Minfulness in Mind

How does it work, this mindfulness we hear about?

When it first became prominent for me, I explored it a little and realised it was something I did naturally with my clients anyway – focus their mind on the here and now, accepting the thoughts and feelings but finding ways to better ‘manage’ those that threaten to overwhelm – panic, stress, anger, fear, sadness.

It is therefore about being aware of your thoughts and feelings from an external point of view, rather than ‘in’ the middle of it in your mind and/or body.

Especially managing the stress response of fight or flight but it works for other ‘feelings’ too. It is to ‘think about thinking’ (see below)

Mindfulness is generally described as:

  1. The quality or state of being conscious or aware of something.
  2. a mental state achieved by focusing one’s awareness on the present moment, while calmly acknowledging and accepting one’s feelings, thoughts, and bodily sensations

The problem is probably ‘calmly’ thinking about stressful thinking and I can often see client’s doubtful when we practice what I explain to them to try, when they feel anxious.

And we can control our thoughts if we try and if we believe we can!  It was new to me but like everything is at first, and when I hear about it I like to try (pragmatist!) and I could – I do!  It works!

This, in line with the 5 ways to clear your mind (appropriately entitled which attracted me to it!) the options are as follows, and you can try one, then another until it works for you – and in different situations/different reasons too.

  1. Distraction – be mindful of the stress response going on in your body, moving down from head to toes to identify the key responses you are experiencing, in itself will tell your mind it need no longer worry as the threat is passed and as it is ‘looking’ at other things now i.e. the body responses to stress, mindfulness thinking and control, managing your (unconscious) mind!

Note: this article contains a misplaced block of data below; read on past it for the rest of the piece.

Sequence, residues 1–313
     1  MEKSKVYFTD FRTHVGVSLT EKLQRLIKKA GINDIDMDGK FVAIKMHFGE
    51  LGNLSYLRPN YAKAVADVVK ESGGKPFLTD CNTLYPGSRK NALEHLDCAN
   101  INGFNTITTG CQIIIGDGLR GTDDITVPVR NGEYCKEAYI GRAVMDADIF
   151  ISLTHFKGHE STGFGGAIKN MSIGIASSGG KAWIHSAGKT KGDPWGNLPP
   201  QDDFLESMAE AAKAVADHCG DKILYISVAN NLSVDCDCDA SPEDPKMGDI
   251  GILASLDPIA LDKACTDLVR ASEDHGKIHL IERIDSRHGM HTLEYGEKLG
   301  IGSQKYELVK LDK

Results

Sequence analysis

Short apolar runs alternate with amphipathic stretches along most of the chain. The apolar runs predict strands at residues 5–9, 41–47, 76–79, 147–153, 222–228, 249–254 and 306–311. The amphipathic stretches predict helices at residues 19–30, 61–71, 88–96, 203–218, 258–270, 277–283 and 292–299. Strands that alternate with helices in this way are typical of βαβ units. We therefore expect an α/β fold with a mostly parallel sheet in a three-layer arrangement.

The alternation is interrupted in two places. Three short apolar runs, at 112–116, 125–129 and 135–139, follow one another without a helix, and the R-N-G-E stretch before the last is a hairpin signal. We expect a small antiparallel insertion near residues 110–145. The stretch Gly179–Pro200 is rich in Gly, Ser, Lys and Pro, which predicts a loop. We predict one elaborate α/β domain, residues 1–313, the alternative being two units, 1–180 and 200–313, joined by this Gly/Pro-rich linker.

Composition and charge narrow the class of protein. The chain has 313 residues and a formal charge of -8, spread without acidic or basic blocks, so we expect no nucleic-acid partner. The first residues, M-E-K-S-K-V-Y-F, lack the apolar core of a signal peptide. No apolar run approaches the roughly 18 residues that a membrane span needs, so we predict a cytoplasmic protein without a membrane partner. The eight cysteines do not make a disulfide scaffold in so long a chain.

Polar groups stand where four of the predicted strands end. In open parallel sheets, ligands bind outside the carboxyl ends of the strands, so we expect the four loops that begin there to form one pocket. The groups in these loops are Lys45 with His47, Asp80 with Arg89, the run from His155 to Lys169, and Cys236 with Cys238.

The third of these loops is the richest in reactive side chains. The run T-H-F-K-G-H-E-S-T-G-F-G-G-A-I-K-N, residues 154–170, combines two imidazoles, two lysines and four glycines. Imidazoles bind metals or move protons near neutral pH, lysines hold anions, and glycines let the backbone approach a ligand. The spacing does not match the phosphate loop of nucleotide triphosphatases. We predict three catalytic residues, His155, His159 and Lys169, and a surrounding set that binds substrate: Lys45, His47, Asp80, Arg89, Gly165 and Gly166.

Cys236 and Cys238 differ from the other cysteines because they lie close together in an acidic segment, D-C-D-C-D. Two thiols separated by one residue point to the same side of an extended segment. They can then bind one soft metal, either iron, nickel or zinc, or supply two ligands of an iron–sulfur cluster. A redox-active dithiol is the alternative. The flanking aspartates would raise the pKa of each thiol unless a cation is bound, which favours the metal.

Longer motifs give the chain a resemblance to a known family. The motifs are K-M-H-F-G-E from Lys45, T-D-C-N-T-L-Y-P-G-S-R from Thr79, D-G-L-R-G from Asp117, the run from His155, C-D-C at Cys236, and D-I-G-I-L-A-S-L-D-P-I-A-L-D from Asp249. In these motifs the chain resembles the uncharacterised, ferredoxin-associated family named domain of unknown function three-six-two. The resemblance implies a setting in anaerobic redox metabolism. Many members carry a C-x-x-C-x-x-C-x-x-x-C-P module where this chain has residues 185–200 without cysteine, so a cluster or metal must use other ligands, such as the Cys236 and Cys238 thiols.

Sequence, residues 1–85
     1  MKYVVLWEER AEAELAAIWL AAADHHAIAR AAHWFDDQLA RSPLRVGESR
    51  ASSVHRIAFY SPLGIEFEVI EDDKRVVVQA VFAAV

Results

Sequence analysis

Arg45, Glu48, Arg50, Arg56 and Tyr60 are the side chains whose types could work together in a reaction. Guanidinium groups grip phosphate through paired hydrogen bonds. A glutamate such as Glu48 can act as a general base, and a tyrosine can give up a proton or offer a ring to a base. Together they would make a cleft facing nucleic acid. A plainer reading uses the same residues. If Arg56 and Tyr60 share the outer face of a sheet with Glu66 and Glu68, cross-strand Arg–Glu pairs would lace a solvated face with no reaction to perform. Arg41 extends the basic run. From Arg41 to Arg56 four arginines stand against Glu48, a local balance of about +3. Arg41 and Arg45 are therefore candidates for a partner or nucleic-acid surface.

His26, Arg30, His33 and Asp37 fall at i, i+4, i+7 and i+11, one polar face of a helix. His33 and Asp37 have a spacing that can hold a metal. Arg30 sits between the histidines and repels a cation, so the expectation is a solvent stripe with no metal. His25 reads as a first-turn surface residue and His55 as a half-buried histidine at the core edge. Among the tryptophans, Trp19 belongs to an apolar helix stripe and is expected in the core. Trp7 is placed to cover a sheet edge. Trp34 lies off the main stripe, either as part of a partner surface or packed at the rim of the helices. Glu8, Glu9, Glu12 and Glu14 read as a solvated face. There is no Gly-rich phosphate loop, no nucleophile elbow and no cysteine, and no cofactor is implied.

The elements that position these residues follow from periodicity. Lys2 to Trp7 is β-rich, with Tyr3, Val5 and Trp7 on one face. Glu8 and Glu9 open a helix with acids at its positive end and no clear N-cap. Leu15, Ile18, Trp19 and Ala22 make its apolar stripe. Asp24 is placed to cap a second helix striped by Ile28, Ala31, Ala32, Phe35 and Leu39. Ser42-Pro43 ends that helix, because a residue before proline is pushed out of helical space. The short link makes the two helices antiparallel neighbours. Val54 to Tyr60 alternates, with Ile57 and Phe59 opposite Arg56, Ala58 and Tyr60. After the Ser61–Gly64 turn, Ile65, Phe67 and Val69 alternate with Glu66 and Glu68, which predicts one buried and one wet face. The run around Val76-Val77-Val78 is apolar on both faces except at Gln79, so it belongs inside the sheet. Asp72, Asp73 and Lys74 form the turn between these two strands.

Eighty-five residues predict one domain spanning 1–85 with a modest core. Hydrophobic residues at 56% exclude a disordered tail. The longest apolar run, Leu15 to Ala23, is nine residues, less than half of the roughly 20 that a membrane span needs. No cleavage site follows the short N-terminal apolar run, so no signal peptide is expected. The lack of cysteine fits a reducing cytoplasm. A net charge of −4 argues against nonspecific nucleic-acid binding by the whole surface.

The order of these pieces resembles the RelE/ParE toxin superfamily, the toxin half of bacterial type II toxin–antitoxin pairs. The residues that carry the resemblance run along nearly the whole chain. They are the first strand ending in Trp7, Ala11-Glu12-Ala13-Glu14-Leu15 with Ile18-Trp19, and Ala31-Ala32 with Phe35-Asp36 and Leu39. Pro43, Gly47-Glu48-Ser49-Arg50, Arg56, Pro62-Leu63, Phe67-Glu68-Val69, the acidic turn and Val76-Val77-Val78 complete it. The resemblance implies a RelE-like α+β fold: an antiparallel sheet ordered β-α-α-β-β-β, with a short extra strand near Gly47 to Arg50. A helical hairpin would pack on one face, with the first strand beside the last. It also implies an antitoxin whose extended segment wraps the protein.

2. Mindfulness – as above, or thinking about your current environment, people watching, playing solitaire etc
  3. Suppression – you can tell your brain what to focus on i.e. left foot, and it will therefore have to automatically not concentrate on anything else – it can only do one thing at once! (Speaking and spelling or writing – try it!)
  4. Substitution – replacing your thoughts with more helpful ones – they suggest ‘putting on your rose tinted spectacles’
  5. Meditation – 10-15 minutes a day changes stress levels and makes you feel better all day too, and also helps sports people overcome the pain barrier which all these are tools to achieve! Meditation is not about emptying the mind (impossible unless you think of black – or empty!) but about concentrating or focussing on one thing – like sound, a tune, a feeling, an action – that absorbs your brain action. Think about your breathing, in, out, in out, feeling your body move – lungs open and close, chest rise and fall, stomach movement etc.

So really, these are ALL similar – just different perspectives or words to achieve the same things – mindfulness and distraction – one and the same?  Different sides of the coin?  But in any case, it offers you choice and options!  Whichever you ‘get’ and can do to help yourself is fine!

 

Further reading:

https://www.psychologytoday.com/blog/the-athletes-way/201504/mindfulness-the-power-thinking-about-your-thinking

https://www.psychologytoday.com/blog/the-athletes-way/201504/5-neuroscience-based-ways-clear-your-mind